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Changing How Flood Projects Get Prioritized In Houston Region, Potential Polling Location For Harris County Inmates, And El Paso Shooting Suspect Says He Ordered Weapon From Overseas

These are some of the stories Houston Public Media is covering.


Wednesday, August 28, 2019

Top afternoon stories:

Harris County Commissioners Court
Andrew Schneider/Houston Public Media
Harris County Commissioners Court.

Changing How Flood Projects Get Prioritized In Houston Region

Harris County leaders passed a resolution that would accelerate flood infrastructure spending in areas of the county where people are in the greatest danger from flooding. The "Harris Thrives" resolution passed 3-to-2 along party lines.

The resolution would prioritize spending from last year's $2.5 billion flood bond package under a "worst first" formula. The formula was developed using eight separate criteria, including a measurement developed by the Centers for Disease Control and Prevention known as the Social Vulnerability Index (SVI).

County Judge Lina Hidalgo and Russell Poppe, executive director of the Harris County Flood Control District, each said that no flood bond projects would be cancelled as a result of the Harris Thrives resolution.

Some 146 projects approved in the flood bond are currently underway.

Lucio Vasquez/Houston Public Media
Harris County jail inmates.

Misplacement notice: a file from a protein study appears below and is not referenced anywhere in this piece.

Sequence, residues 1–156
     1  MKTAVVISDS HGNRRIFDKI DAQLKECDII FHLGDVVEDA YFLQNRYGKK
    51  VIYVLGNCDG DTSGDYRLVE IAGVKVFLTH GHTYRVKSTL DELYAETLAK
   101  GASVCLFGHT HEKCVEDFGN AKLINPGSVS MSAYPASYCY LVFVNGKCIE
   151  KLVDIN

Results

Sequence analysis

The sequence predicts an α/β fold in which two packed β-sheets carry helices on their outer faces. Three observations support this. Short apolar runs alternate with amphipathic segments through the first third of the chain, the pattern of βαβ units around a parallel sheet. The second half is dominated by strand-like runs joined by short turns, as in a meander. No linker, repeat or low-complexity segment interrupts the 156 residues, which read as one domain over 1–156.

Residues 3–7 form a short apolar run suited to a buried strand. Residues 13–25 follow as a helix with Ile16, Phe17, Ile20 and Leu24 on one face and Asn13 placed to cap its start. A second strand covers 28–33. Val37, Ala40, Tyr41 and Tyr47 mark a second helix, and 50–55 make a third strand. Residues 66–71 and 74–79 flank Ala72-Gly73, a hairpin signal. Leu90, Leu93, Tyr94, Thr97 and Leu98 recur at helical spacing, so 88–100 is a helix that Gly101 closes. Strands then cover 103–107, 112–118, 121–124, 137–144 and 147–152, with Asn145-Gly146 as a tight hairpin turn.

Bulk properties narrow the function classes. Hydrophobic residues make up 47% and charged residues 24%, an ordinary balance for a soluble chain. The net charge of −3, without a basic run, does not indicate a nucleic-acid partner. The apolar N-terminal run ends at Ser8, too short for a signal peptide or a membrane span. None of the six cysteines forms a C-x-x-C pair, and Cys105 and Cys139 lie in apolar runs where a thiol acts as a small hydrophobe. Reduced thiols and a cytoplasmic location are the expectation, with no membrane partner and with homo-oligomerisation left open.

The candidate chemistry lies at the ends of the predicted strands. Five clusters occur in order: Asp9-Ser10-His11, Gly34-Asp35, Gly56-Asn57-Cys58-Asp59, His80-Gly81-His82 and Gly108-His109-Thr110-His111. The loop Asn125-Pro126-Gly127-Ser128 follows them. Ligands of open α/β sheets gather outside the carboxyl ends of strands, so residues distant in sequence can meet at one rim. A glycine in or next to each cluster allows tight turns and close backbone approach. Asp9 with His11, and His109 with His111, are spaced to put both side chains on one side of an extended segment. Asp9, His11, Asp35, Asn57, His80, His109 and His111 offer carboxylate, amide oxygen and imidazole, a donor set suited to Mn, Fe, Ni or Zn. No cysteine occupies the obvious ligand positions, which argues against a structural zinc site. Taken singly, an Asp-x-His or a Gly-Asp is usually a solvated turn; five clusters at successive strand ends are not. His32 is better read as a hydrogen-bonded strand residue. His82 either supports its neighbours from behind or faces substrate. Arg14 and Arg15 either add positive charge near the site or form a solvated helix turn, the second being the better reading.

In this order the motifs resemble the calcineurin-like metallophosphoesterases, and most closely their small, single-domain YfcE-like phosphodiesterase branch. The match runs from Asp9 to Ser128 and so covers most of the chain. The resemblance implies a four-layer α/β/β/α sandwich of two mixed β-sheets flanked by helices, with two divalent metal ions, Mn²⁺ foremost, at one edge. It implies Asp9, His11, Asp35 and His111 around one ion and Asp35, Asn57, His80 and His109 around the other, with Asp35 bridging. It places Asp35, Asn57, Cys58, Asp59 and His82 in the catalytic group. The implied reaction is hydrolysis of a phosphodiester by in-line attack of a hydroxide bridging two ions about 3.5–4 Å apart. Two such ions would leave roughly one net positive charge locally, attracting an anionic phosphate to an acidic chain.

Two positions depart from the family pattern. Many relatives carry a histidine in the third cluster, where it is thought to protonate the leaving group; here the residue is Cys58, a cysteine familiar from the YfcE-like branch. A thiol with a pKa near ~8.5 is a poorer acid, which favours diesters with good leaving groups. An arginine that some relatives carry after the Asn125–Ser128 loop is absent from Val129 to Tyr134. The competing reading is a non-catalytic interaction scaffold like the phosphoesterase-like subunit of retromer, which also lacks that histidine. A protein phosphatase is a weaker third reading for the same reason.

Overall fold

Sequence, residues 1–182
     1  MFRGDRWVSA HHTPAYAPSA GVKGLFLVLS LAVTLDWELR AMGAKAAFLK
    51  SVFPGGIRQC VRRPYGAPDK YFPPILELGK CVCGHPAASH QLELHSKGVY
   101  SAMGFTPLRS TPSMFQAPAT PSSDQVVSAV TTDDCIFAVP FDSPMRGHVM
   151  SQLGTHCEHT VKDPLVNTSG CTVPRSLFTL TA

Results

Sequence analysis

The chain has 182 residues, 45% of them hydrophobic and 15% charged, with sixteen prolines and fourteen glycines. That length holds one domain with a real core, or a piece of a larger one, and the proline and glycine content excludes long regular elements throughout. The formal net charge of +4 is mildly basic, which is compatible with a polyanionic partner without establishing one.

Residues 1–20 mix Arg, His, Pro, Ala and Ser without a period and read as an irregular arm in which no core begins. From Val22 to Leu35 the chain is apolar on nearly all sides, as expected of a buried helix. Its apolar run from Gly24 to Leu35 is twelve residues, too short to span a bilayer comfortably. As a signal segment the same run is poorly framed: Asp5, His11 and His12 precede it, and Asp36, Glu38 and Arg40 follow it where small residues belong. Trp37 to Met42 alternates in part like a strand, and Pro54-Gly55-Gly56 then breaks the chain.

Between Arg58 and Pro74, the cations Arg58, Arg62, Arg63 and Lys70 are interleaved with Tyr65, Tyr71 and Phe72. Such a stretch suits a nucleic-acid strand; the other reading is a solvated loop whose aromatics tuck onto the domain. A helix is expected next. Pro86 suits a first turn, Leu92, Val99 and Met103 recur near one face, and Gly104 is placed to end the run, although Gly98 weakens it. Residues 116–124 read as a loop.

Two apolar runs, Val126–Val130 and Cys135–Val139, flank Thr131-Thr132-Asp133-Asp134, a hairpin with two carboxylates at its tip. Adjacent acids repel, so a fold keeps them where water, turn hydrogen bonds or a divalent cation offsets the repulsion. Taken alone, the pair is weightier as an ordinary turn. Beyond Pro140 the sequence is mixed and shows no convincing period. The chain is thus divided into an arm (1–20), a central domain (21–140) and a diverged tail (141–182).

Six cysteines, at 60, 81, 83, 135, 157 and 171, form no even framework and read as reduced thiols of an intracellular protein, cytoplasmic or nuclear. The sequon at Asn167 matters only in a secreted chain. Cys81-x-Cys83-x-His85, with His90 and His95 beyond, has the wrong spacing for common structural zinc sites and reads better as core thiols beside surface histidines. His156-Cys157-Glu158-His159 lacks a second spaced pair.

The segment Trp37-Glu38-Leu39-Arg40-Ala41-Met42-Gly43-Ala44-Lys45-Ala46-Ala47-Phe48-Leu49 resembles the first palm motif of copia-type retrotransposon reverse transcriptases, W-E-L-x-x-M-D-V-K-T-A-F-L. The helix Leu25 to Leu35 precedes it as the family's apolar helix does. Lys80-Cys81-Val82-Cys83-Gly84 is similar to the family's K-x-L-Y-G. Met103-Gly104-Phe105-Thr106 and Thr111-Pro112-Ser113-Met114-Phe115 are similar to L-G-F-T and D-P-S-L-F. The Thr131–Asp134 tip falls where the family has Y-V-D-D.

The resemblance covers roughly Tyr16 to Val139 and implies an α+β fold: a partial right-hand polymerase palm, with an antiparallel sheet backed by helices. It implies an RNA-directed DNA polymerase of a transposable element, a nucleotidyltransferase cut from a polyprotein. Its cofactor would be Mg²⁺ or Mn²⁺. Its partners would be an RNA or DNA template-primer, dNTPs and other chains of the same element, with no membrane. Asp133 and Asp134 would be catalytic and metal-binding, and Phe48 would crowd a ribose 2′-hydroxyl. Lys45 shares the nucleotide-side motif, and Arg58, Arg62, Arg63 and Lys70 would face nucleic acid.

Potential Polling Location For Harris County Jail Inmates

Inmates of the Harris County Jail may soon be able to vote. Harris County leaders have approved a study on setting up a polling location at the jail as early as this November.

The County Clerk's and Sheriff's Offices will explore if they can set up a polling location at the jail in time for this Election Day. Commissioner Adrian Garcia proposed the measure.

Commissioner Rodney Ellis seconded the proposal, which passed along party lines in a three-to-two vote.

County Clerk Diane Trautman said there may not be enough time to set up a voting site at the jail for this year's election, but there would be time to do so for the 2020 presidential contest.

Getty Images/iStockphoto via The Texas Tribune
An AK-47 rifle.

El Paso Shooting Suspect Says He Ordered Weapon From Overseas

When the alleged gunman walked into an El Paso Walmart earlier this month to carry out the worst massacre of Hispanic people in recent American history, he went in with an assault weapon he said he bought from Romania, according to a Texas Department of Public Safety report obtained by The Texas Tribune.

The white 21-year-old suspect in the shooting told El Paso police shortly after his arrest that the Romanian AK-47 was sent to a gun dealer near his home in Allen, a suburb outside of Dallas. He also said he bought a thousand rounds of ammunition from Russia.

In a manifesto published just before the shooting, the alleged shooter said the rifle was a WASR-10, a semi-automatic version of a Romanian military AK-47 weapon.

The DPS report obtained by the Tribune includes a summary of the suspect's interview with police, providing more details on the weapon and the suspect's actions in the racist slaying where he said he "wanted to shoot as many Mexicans as possible."